Stateless in Kazakhstan: Yerbol’s story

European Union supported programme ensuring every child has a legal identity

Dinara Saliyeva
Yerbol, 10 years old, outside of his house in Shymkent, South Kazakhstan with his brother and mother.
UNICEF Kazkhstan/Dinara Salieva

27 March 2019

At the age of 10, Yerbol already knows what it feels like to be invisible to the state.

When he was born here in Shymkent, Kazakhstan, his mother Zhamilya could not get a birth certificate for him because she did not have the necessary documents. As a result, Yerbol was left without state support from the earliest days of his life – he had no access to the free medical services and education that is every child’s right.

To put it simply, no documents meant Yerbol was not a person.

“Luckily, Yerbol has never been sick, so there was no need to go to the clinic. Yet, all these years, he has not been vaccinated”, says Zhamilya. “And by the time he had to go to school he was not accepted because of the absence of a birth certificate and an IIN (individual identification number)”.

So, how did Yerbol become stateless? In 2002, Zhamilya, her mother and sisters moved from Uzbekistan to Kazakhstan. As an ethnic Kazakh, Zhamilya planned to get registered as a repatriate. But the procedures turned out to be so complicated and so expensive that she postponed the whole process.

“I went to the migration police to find out how to retrieve documents, but they scolded me for not submitting the documents in time and threatened me with a fine. They even said that they could arrest me for the violation of the rules. I burst into tears, got frightened and gave up going there,” said Zhamilya.

When it was time for Yerbol to go to school, Zhamilya faced another problem. The school would not accept him without personal documents. She did not know what to do and decided to postpone his enrolment for a year. A year later, the school’s response was the same.

 

Yerbol, 10, is having tea with his friend and brother.
UNICEF Kazakhstan/Dinara Salieva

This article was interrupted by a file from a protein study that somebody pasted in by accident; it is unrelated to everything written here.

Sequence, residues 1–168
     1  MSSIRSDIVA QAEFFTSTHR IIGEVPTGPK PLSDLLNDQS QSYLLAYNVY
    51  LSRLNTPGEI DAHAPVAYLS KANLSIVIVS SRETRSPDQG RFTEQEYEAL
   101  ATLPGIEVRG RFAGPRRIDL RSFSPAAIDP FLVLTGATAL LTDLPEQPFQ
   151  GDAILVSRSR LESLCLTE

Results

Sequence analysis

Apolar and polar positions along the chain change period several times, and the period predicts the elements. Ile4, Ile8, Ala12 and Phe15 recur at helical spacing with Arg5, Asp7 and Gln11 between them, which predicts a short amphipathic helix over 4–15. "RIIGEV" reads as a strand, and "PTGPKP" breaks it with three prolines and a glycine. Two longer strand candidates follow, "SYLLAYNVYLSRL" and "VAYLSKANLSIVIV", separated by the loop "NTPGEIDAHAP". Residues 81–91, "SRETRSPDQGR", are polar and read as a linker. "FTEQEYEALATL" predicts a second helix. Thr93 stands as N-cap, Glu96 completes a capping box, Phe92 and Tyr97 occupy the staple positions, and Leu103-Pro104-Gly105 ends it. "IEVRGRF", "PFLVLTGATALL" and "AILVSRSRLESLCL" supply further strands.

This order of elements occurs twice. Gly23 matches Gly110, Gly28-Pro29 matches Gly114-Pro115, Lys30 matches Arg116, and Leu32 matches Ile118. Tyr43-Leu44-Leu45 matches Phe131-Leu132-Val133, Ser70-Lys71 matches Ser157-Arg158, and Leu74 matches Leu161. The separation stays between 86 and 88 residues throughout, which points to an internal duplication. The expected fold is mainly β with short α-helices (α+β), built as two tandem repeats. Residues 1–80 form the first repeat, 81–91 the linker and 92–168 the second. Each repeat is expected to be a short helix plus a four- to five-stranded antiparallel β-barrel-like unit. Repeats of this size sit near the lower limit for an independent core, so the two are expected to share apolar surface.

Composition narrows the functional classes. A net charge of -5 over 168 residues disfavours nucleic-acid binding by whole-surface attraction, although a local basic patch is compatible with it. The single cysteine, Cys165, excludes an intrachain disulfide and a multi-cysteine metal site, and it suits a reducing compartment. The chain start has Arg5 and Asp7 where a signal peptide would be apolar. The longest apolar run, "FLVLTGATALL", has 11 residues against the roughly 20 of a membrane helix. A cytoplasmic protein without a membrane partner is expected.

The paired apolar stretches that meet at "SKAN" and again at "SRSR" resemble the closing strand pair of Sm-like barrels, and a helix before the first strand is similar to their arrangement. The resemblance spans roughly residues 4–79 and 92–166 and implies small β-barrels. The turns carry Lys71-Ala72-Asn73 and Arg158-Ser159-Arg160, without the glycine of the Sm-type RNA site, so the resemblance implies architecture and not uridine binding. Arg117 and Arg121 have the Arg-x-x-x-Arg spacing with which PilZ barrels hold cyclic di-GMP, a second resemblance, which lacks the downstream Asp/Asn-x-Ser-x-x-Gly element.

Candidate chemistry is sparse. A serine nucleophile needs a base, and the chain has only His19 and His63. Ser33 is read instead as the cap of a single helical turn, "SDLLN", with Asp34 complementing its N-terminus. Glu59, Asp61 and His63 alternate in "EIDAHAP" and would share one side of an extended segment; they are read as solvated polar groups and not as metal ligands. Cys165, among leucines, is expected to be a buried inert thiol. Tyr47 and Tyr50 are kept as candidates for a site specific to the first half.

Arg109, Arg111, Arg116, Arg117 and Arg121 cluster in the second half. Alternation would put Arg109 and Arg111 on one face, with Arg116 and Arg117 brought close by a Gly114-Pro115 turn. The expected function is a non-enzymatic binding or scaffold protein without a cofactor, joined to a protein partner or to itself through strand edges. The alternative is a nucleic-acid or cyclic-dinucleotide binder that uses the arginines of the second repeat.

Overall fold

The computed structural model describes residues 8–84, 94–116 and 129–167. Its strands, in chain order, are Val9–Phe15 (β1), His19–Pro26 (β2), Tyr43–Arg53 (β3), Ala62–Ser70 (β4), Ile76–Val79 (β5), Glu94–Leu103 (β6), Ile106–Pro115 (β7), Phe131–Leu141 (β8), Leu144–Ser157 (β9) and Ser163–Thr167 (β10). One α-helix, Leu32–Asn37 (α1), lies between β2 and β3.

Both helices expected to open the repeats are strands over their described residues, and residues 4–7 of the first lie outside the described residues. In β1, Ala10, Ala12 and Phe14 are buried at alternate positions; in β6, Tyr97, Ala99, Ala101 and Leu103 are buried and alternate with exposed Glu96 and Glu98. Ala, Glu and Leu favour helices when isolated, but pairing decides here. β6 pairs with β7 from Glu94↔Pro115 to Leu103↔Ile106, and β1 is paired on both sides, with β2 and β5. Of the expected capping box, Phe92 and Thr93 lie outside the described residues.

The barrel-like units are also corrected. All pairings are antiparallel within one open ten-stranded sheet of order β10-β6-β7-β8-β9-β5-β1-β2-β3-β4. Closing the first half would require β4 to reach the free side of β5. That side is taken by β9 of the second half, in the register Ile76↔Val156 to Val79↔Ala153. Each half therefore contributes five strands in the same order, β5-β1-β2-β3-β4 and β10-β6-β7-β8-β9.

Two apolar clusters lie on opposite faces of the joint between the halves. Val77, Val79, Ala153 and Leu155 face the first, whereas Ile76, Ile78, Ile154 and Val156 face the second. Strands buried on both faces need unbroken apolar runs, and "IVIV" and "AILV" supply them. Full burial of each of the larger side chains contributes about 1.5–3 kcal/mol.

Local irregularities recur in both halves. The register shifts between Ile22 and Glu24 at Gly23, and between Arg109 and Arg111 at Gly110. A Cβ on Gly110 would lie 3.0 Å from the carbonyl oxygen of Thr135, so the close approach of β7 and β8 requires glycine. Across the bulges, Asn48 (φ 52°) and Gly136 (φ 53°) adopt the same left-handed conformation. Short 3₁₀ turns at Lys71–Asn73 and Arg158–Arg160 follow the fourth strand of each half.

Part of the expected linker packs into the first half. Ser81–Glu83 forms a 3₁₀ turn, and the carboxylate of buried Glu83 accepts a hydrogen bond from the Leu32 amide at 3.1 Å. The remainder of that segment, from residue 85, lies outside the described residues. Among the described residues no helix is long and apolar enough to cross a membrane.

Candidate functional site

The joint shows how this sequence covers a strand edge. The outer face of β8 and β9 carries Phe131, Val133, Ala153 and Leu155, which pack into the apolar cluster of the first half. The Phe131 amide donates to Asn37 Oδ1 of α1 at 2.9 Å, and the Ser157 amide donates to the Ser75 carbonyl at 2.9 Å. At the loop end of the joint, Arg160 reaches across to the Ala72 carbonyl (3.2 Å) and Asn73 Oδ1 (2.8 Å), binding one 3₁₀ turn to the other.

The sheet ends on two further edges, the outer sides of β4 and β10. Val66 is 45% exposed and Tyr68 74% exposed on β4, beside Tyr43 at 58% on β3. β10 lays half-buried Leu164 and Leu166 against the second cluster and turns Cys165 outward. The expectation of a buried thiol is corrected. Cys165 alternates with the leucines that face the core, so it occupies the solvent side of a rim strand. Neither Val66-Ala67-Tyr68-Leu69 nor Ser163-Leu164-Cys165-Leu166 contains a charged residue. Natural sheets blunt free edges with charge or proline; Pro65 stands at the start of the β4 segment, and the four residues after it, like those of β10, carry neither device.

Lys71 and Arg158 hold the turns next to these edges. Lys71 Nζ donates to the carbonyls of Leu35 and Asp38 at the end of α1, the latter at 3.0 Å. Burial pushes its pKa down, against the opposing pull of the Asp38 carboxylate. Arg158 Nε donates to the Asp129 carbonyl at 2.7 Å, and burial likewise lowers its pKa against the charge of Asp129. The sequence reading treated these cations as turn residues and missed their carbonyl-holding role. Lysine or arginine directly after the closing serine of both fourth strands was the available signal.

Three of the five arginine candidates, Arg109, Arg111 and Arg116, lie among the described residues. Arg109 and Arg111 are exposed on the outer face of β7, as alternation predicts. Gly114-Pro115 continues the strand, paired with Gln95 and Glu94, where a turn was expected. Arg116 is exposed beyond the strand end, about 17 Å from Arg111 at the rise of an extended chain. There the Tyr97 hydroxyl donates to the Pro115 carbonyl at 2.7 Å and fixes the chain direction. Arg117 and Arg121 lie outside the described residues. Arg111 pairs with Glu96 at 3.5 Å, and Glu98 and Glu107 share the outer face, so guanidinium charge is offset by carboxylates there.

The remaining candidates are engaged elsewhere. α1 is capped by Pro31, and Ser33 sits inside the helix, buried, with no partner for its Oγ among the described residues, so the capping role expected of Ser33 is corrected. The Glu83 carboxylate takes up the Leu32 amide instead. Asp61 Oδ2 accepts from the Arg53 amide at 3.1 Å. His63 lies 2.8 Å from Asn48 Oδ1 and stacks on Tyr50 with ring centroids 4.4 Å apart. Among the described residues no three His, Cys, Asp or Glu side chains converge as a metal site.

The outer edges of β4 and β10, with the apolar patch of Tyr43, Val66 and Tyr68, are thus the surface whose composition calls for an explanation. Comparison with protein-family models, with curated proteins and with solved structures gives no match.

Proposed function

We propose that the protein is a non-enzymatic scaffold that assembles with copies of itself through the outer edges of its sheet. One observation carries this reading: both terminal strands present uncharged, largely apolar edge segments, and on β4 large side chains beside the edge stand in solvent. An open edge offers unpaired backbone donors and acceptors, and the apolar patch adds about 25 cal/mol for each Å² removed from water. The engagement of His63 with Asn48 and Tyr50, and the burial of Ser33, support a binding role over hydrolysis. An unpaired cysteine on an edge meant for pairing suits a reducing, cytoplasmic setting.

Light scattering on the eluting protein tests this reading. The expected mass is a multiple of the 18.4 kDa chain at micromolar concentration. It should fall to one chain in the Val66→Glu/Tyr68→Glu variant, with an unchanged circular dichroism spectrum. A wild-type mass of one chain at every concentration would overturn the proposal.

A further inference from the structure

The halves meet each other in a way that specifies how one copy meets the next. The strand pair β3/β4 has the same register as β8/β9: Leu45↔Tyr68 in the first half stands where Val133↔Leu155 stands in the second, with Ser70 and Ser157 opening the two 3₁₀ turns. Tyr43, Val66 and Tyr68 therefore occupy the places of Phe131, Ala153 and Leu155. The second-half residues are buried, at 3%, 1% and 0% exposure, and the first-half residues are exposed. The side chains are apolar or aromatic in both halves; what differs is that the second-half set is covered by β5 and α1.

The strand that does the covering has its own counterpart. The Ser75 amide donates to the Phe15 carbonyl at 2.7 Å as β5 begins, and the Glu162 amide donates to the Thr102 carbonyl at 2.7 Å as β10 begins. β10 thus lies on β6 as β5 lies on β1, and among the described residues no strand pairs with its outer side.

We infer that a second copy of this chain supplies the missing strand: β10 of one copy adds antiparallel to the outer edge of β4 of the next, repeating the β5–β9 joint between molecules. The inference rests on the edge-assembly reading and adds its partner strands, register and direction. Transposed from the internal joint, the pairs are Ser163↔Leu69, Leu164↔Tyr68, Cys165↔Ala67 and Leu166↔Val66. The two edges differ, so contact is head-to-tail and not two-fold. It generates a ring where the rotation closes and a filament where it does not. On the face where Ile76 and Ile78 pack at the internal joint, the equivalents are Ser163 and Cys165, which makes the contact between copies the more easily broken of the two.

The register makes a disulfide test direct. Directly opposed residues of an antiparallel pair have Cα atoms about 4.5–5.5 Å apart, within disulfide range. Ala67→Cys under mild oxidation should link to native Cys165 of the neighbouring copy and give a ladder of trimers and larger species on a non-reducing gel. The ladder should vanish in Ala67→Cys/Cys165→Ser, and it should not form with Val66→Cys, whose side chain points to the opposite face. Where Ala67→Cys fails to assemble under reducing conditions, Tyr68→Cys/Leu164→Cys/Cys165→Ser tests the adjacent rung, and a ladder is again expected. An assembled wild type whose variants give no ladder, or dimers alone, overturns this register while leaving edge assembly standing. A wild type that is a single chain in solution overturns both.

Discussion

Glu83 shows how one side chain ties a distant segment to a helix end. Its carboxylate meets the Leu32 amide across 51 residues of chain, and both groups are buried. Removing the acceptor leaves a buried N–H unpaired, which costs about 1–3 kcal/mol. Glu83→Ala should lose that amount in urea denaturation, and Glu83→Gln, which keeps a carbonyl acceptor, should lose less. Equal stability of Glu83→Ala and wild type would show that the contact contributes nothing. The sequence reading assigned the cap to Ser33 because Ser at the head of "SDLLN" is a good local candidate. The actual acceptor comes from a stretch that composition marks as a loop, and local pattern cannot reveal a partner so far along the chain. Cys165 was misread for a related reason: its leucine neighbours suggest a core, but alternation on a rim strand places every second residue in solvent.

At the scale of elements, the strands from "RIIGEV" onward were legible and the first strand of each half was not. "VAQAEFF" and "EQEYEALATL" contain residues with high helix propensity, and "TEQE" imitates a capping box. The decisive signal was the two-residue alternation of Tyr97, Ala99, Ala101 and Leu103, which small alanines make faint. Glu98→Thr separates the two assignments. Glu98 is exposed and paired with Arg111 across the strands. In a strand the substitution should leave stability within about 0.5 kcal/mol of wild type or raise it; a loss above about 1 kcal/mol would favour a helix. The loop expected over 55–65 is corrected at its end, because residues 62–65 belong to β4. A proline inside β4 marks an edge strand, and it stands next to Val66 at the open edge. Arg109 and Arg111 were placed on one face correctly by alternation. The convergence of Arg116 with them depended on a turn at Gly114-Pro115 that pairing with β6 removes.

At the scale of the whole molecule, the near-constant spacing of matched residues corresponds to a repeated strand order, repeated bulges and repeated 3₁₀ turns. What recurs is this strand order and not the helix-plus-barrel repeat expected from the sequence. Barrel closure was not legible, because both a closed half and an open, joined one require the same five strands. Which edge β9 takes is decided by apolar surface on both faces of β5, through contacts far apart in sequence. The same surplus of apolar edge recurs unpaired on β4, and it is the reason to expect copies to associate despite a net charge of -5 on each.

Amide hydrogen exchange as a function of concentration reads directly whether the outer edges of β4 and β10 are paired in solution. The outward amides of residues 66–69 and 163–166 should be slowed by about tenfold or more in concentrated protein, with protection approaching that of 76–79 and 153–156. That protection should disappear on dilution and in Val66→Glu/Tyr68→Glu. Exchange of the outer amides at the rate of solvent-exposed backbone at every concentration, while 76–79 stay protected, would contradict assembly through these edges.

Yerbol, 10, having tea with his friend and brother. Yerbol says he feels embarrassed at school because he is oldest among his classmates. Yerbol is one of the many stateless children in Kazakhstan and missed several years of schooling because of issues with documents.

Zhamilya went back to the migration police, where she was referred to the district police department. There, she saw a poster with information about the Legal Center of Women's Initiatives, ‘Sana Sezim’, an organization that has been supporting stateless people in Kazakhstan since 2016. The organization works closely with UNICEF, UNHCR and IOM to prevent and support stateless children and their families

Zhamilya went to them for help. The organization’s lawyer, Ildar Haliulin accompanied Zhamilya to the hospital, retrieved Yerbol’s birth confirmation from the archive and helped to get his birth certificate.

While the documents were being prepared, the boy started school with the help of the Department of Education. Sana Sezim also helped Zhamilya process all required documents to get a stateless person’s certificate, which in time opens the way for obtaining Kazakh citizenship.

“Children have the right to go to school regardless of their migration status,” says Kulzina Ualikhanova from the Department of Education in the Kazakhstan city Shymkent.

Sadly, Yerbol’s story is not unique.

As Kulzina  explains, not all schools accept children without an Individual Identification Number, and parents must contact the Department of Education – but  many are not aware of these procedures. Having been turned away by a school, many parents simply do not know what to do – and stop trying.

The newly introduced electronic school diary - a digital system where children in secondary school and their parents can track all of their information related to school, including their courses and grades - requires a child’s Individual Identification Number (INN). This means that children without an IIN cannot enroll in secondary school, or post-secondary education.

Yerbol is now in the third grade, two grades behind most children his age.

“I wish I could study with my peers, and I feel ashamed of studying with children younger than me,” he says.

His mother encourages him and says that now he will be able to achieve his dream of becoming an astronaut. When Yerbol goes outside to play with his friends, Zhamilya admits that she feels guilty for the suffering her son endured because of the mistakes made by adults.

UNICEF and stateless children

UNICEF is working to strengthen mechanisms to support and protect the rights of children affected by migration with financial support from the European Union.  

In Kazakhstan, this EU supported work focuses on:  

  • Improving protection mechanisms and case management for children affected by migration, always with the best interests of the child and family-based care prioritized.
  • Enhancing the training of social workers, law enforcement and migration officers.
  • Strengthening national legislation and data collection on children affected by migration. 

Our work aims to strengthen systems for vulnerable children affected by migration, including timely responses to their cases, improving the quality of social and psychological support and birth registration, and increasing access to health and education services. 

In December 2016, UNHCR and UNICEF launched the Global Coalition on Every Child’s Right to a Nationality. The Coalition aims to expand and strengthen international cooperation to raise public awareness about stateless children, and to promote the right of every child to a nationality.